Hong Kong schools flooded with official ‘suggestions’ to promote national identity among students, with training for teachers too
- School heads expect even more guidelines related to national education in coming months
- Push to introduce range of new activities ‘practically a government campaign’, unionist says
The authorities have suggested that schools raise the national flag and play the national anthem, March of the Volunteers, at least five times this school year to help instil a stronger sense of national identity in pupils.
Schools have also been urged to do more to get pupils to understand China’s development and its constitution through classroom activities, and by making use of school bulletin boards, exhibitions and competitions.
Teachers who spoke to the Post said the number of circulars sent by authorities since the school year began two months ago was unlike anything they had seen, and principals seemed inclined to mostly do as they were told.
“It is now practically a government campaign, with new and different ways to promote national education and national security on certain important days over the year,” said Ip Kin-yuen, vice-chairman of the 100,000-member Professional Teachers’ Union.
Students have noticed the changes too.
“At my school, teachers have played more videos related to the Basic Law and national identity that were suggested by the Education Bureau compared to during the last academic year,” said Form Six student Carson Tsang Long-hin.
In June, the Education Bureau announced that all teachers would have to complete a mandatory 30-hour training programme on professional conduct and national development through electives provided by the bureau, universities and schools.
New teaching materials provided to local schools for the academic year exhort students not to take part in unlawful activities “in the name of pursuing justice”, and stress that the notion of independence for Hong Kong has no standing in international law.
On Monday, up to 1,800 teachers will join a seminar held by the Education Bureau’s Curriculum Development Institute titled “National Security and Our Daily Lives”. It will be conducted by Simon Lee Hoey, an expert in Hong Kong’s mini-constitution and a member of the city government’s Basic Law Promotion Steering Committee.
The 2½-hour event, for teachers, panel heads and school chiefs at government-run, subsidised and private schools, is one of the electives under the mandatory training scheme. Among other things, it will cover ways for educators to adopt “a holistic approach to studying national security”.
About 200 teachers are expected to attend in person, with others joining online. A check by the Post found one of the two online sessions, each with a capacity of 800 participants, was already fully booked.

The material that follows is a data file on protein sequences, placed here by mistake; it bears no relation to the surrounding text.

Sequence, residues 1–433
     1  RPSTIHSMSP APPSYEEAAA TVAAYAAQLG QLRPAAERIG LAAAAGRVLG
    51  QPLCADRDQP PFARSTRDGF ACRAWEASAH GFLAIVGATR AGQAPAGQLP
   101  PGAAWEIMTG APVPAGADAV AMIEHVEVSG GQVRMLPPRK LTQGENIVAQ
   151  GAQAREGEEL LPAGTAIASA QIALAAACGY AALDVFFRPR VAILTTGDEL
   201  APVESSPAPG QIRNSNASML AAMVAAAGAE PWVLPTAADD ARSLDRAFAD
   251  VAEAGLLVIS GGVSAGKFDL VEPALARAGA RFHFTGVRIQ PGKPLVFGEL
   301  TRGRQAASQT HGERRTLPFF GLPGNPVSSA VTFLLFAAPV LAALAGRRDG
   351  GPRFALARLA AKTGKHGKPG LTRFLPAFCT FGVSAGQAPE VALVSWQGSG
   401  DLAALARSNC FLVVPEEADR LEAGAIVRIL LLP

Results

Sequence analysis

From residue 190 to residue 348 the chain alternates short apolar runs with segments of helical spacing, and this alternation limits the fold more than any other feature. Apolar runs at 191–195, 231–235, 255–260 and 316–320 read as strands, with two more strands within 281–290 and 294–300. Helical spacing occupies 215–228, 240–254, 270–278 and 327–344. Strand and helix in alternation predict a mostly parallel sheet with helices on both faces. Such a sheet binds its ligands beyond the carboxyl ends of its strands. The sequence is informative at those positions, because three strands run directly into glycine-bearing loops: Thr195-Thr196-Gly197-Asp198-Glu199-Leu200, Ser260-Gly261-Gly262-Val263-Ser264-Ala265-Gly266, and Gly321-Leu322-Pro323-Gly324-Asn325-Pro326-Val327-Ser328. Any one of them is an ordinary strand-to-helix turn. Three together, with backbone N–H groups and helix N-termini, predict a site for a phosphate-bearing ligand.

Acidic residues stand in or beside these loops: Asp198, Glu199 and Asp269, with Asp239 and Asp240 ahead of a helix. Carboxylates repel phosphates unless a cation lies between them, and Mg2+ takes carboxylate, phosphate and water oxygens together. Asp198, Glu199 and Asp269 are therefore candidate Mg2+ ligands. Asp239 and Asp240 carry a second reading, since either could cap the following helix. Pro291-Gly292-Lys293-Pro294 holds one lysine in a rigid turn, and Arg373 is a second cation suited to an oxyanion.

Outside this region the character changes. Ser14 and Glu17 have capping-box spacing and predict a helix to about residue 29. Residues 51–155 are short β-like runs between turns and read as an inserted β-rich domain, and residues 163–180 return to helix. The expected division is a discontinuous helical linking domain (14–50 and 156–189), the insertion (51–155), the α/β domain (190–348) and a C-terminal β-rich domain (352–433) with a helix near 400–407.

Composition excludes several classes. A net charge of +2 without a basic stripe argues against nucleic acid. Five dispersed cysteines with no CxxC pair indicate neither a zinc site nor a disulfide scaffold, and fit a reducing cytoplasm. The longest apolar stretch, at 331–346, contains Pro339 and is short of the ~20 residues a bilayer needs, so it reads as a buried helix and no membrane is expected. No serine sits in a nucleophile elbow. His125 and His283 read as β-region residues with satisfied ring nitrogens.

“In terms of national security education, we have known there would be staff training. As new information keeps popping up, it might not be a bad thing for teachers to learn more,” said Lin Chun-pong, acting chairman of the Hong Kong Association of Heads of Secondary Schools, which represents most of the city’s 500 secondary school principals.
Lin said the flurry of new guidelines was mostly meant for schools to refer to, and was in addition to what they had already been doing, including civic, moral and national education classroom activities.
Chu Wai-lam, principal of Fung Kai No 1 Primary School, said his school would introduce the new activities and carry out the various suggestions. Its teachers have signed up for the seminar, and the school plans to do more to promote national identity education for its pupils.
“Unlike during last year’s protests, there have been fewer opposing voices when schools began rolling out these activities and events,” said Chu.
On December 4, his school will hold a flag-raising ceremony, play the national anthem and hold a sharing session for students to commemorate China’s National Constitution Day, as suggested by the education authorities.
School heads said they expect more new guidelines related to national education and development to be issued over the coming months.
A primary schoolteacher with more than 20 years’ experience told the Post that some teachers felt uneasy about what was clearly a push by the authorities to draw up activities that instil national identity.
The Education Bureau’s directives appeared to be a form of “political assignment”, and would make the workload of teachers heavier, she said.
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“Schools cannot pretend not to follow the suggestions from circulars,” she said.
Student Carson Tsang said the authorities’ campaign to instil national identity in students appeared to be a political move.
“The government has been trying to suppress critical thinking among students since the protests,” said Tsang, 17, spokesman of his school’s student concern group.
Replying to queries from the Post, an Education Bureau spokeswoman denied the various circulars and events amounted to a “political assignment”.
“Instilling national identity in pupils has been an important learning goal for primary and secondary education, as well as a natural responsibility for schools,” she said.
“It is only natural and responsible … that the Education Bureau provide support for educators to explain the constitution and the Basic Law, as well as elements related to national education, to students so that they can get the correct kind of information.”